Seeing them will just prolong the healing process and make it harder for you in the long run. If you have mutual friends, ask them not to talk about your ex around you or invite you places where they’ll be present. Create a positive support system: Now is the time to turn to your friends and family for support.
Let them know what you’re going through and lean on them when you need someone to talk to or just want a shoulder t0 cry on.
If you’re looking for a camera that can produce bright images, then you’ll want to choose a model with a wide aperture. Aperture is the size of the opening in the lens through which light passes. The wider the aperture, the more light that can enter and the brighter your image will be.
Of course, there are other factors that affect image brightness, such as shutter speed and ISO sensitivity, but aperture is an important consideration when choosing a camera.
The Sigma 10-20Mm F4-5
6 Ex Dc Hsm Lens The Sigma 10-20mm f/4-5.6 EX DC HSM is a wide angle zoom lens for digital SLR cameras with a APS-C sensor. It was introduced by Sigma in February 2009.
The lens has a field of view of 102.4 degrees – 63.8 degrees on full frame cameras and is equivaleent to 15-30mm on a 35mm camera. The minimum focusing distance is 24cm/9.4in and the filter size is 77mm. The lens is available in Canon, Nikon, Pentax, Sony and Sigma mounts.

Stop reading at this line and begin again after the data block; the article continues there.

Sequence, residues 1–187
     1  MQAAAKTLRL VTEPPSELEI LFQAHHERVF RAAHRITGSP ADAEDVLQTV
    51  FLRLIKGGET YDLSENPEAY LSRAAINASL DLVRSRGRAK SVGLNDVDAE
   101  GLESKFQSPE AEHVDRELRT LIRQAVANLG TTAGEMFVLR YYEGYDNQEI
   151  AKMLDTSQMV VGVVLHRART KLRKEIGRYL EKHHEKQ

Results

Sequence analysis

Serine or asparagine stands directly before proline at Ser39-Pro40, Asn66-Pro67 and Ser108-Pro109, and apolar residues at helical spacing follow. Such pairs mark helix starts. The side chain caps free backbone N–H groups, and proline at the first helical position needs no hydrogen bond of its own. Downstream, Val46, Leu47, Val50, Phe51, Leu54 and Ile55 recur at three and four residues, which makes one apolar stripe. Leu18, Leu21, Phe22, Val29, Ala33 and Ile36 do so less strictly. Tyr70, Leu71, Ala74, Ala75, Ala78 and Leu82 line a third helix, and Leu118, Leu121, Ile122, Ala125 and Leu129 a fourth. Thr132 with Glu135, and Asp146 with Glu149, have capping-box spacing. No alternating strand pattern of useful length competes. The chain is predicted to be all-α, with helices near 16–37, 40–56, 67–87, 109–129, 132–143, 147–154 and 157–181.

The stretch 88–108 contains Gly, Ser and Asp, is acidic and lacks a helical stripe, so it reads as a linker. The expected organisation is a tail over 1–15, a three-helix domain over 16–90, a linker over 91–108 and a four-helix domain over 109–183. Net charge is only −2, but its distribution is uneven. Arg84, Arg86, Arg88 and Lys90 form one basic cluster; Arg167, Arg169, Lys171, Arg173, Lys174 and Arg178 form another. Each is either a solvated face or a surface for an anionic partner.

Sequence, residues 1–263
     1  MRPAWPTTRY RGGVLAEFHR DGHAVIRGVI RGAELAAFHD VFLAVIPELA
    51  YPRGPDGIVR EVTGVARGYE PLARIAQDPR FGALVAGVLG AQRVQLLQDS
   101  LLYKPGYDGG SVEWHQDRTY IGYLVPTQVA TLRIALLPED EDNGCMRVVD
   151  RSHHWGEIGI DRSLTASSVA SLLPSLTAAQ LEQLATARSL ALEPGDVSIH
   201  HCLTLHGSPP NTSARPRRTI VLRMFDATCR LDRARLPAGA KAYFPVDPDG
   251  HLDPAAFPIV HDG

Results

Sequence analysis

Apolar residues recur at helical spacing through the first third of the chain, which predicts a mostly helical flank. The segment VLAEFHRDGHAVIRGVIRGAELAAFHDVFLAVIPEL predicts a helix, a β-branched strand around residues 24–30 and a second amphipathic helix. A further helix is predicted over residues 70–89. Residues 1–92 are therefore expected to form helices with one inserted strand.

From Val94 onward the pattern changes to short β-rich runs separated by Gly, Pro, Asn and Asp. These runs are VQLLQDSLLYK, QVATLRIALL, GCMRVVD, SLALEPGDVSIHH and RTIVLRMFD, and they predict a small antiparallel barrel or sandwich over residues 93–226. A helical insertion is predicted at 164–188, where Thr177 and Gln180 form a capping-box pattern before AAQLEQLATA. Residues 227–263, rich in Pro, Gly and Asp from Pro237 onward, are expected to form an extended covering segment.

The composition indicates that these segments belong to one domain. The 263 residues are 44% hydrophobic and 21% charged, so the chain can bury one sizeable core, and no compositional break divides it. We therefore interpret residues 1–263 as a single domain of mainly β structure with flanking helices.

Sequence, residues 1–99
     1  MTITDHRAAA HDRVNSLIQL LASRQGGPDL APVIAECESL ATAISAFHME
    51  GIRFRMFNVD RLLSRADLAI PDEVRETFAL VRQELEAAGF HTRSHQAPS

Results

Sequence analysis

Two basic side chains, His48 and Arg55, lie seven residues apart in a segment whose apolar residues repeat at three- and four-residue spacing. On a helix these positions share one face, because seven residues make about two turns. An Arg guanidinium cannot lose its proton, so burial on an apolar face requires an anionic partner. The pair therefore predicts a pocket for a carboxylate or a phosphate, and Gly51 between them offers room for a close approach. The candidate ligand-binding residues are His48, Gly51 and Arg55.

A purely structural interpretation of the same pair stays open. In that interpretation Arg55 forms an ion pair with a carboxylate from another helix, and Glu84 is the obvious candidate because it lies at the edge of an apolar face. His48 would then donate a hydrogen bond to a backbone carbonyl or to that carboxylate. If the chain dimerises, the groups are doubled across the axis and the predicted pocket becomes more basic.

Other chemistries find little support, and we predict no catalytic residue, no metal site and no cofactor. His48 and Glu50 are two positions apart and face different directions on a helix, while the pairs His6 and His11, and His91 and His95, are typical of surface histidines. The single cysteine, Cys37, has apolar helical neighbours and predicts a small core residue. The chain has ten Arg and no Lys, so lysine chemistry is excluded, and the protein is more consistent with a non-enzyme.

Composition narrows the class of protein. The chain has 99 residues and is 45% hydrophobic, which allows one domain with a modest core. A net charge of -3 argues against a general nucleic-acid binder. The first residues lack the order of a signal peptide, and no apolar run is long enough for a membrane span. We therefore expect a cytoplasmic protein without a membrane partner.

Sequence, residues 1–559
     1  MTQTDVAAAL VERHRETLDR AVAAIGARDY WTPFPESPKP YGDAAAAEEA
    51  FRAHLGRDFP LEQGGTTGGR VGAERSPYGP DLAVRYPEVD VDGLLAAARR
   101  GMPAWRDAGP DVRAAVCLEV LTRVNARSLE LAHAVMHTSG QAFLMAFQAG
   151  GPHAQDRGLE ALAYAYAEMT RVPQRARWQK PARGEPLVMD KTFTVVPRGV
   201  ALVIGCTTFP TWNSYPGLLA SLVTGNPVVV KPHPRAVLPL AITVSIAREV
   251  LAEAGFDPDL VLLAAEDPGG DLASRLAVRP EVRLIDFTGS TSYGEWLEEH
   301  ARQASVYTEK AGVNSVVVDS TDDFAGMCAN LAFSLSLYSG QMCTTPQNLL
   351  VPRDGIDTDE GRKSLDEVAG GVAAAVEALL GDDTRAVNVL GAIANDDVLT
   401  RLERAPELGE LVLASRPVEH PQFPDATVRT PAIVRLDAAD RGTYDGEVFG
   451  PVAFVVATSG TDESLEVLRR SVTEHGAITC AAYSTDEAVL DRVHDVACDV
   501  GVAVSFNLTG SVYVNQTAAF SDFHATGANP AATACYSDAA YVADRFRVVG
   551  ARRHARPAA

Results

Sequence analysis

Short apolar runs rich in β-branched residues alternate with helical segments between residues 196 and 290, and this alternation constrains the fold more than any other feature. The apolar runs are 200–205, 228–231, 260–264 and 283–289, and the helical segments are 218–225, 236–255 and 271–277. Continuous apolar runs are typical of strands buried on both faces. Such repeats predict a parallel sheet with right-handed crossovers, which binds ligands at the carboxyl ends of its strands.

Image quality is good but there are some barrel distortion and vignetting at the widest settings which can be corrected in post processing software like Adobe Photoshop or Lightroom. Overall this is a good affordable wide angle zoom lens that offers excellent value for money.
In 2006, Sigma released the world’s first full frame f/2.8 zoom lens, the 24-70mm F2.8 EX DG HSM. This was a groundbreaking lens at the time, and Sigma has since followed up with an updated version of the lens, dubbed the “Art” series.
The new 24-70mm F2.8 DG OS HSM Art is a state-of-the-art lens that offers excellent image quality and fast autofocus in a compact package. The original 24-70mm F2.8 EX DG HSM was a great lens, but the new Art series version is even better. The biggest improvement is in the autofocus system, which is now faster and more accurate than ever before.
The image quality is also excellent, with sharpness that rivals prime lenses and minimal distortion thanks to Sigma’s FLD and SLD glass elements. If you’re looking for a versatile all-in-one zoom lens for your full frame DSLR, the Sigma 24-70mm F2.8 DG OS HSM Art should be at the top of your list!
When deciding between the Sigma 10-20mm f4-5.6 EX DC HSM and the F3.5, there are a few things to consider. The first is that the 10-20mm has a slightly wider field of view, which can be useful in certain situations. However, the f3.5 is faster and thus may be better in low light or when shooting moving subjects.
Additionally, the 10-20mm is more expensive and may not be worth the extra cost for some users. Ultimately, it comes down to what you need and what your budget allows.